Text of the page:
We appreciate the interest of Drs Călugăru in our recently published COMRADE-C trial comparing the clinical efficacy and safety of ranibizumab vs dexamethasone in macular edema secondary to central retinal vein occlusion (CRVO).

We acknowledge that the HORIZON study showed a 4.2-letter loss in the CRVO group. However, compared with baseline there was still a 12-letter increase, which is superior compared with the natural course in CRVO. Consideration should also be given to the small number of patients followed in the HORIZON study compared with the original CRUISE trial. In conclusion, the given letter reduction between months 12 and 24 in this subgroup of the original trial cohort with an unknown selection bias cannot be judged as a significant visual loss in a heterogenous disease such as CRVO with a possibility of conversion to ischemia in 34% within 3 years.

Thirty-two patients with CRVO were included in the RETAIN study and data were available for 28 patients 4 years after the CRUISE baseline study. A total of 53.1% of these patients treated with ranibizumab gained 15 letters or more, which in our opinion is excellent. A detailed analysis of the 6 patients with functional worsening compared with the CRUISE baseline study is provided in the RETAIN paper. Four of these patients were graded as nonresponders, resulting in a central scar formation, 1 converting to ischemia and another to an epiretinal membrane.

We are of the opinion that intravitreal anti-VEGF treatments provide good long-term outcomes in a high percentage of CRVO patients. However, a subgroup of CRVO patients who do not respond to anti-VEGF treatment could benefit from an early switch to intraocular steroids. We do not agree with the authors’ assumption that ischemic eyes shouldn’t be treated with anti-VEGF drugs. Campochiaro and associates showed that under ranibizumab treatment the nonperfused areas in RVO patients were reduced compared with control.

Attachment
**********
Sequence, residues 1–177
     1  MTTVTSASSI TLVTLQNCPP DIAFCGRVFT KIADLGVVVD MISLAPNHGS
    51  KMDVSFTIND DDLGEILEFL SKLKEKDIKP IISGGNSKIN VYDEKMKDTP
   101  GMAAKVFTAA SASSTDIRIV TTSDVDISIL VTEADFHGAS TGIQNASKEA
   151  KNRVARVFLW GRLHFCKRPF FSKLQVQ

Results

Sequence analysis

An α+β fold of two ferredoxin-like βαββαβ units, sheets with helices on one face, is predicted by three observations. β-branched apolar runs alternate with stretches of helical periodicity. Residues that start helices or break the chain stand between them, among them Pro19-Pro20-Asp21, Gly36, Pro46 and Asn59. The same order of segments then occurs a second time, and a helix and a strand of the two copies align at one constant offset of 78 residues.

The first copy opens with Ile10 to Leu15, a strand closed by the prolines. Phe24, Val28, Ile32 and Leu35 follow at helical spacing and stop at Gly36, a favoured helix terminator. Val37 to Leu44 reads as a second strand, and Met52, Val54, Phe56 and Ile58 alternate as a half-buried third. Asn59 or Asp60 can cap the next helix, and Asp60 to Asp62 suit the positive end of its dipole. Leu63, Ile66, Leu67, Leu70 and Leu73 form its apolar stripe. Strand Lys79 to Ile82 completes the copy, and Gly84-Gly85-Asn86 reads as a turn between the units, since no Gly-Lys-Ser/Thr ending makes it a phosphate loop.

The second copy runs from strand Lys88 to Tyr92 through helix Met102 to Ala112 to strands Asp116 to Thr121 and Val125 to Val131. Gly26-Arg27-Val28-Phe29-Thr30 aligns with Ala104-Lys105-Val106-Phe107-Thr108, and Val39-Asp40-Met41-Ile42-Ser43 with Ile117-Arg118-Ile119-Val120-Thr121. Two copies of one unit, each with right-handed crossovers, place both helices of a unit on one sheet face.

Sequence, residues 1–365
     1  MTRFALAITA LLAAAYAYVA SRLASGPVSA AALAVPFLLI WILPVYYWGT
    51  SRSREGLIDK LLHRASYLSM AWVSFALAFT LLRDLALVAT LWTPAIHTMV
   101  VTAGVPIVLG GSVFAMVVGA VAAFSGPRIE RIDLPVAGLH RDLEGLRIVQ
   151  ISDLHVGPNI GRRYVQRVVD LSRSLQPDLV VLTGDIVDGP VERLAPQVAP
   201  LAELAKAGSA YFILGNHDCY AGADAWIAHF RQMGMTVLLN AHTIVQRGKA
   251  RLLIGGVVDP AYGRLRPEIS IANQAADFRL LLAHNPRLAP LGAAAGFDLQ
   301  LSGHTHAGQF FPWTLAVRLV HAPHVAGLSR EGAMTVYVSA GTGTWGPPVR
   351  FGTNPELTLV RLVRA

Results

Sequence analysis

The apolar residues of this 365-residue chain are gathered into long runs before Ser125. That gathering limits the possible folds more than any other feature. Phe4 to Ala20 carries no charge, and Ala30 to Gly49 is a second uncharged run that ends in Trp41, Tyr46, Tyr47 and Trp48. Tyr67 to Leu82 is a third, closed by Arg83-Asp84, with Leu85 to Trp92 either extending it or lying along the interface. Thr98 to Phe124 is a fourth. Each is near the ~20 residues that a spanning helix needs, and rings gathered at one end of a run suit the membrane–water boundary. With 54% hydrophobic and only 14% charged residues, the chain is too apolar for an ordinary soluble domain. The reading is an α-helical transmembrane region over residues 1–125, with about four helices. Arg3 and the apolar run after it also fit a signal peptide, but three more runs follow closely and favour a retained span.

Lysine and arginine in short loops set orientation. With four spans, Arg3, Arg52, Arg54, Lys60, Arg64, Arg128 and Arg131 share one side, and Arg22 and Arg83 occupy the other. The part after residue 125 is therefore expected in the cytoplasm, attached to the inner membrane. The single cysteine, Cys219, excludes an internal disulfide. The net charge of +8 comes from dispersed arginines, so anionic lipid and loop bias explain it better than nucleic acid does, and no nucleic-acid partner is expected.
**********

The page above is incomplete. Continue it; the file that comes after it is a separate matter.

Earlier retreatment in the dexamethasone implant group could have improved the visual acuity results at month 6, but we believe adverse effects would have occurred more often. However, the study was designed to treat patients according to their specific European Summaries of Product Characteristics. We believe that our COMRADE-C trial results are of importance, since no monthly data about the efficacy of the dexamethasone implant in the GENEVA study are available. Our study provides the first direct comparison between both intravitreal drugs on a monthly basis with regard to anatomic and functional response over 6 months of treatment.

Our study achieved superior visual outcomes in the ranibizumab group compared with other pivotal trials. Most probably the exclusion of CRVO patients with a disease duration longer than 3 months in our study was one of the main reasons for the beneficial results. The fact that, despite a higher percentage of ischemic patients than in the CRUISE trial, the presented visual results are better herein are in accordance with the findings of the CRYSTAL study.

A thorough subanalysis of COMRADE-C and B focusing on retinal ischemia is currently underway. Preliminary data will be presented at the Club Jules Gonin meeting in July 2016.

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Jan 5, 2017 | Posted by in OPHTHALMOLOGY | Comments Off on Reply

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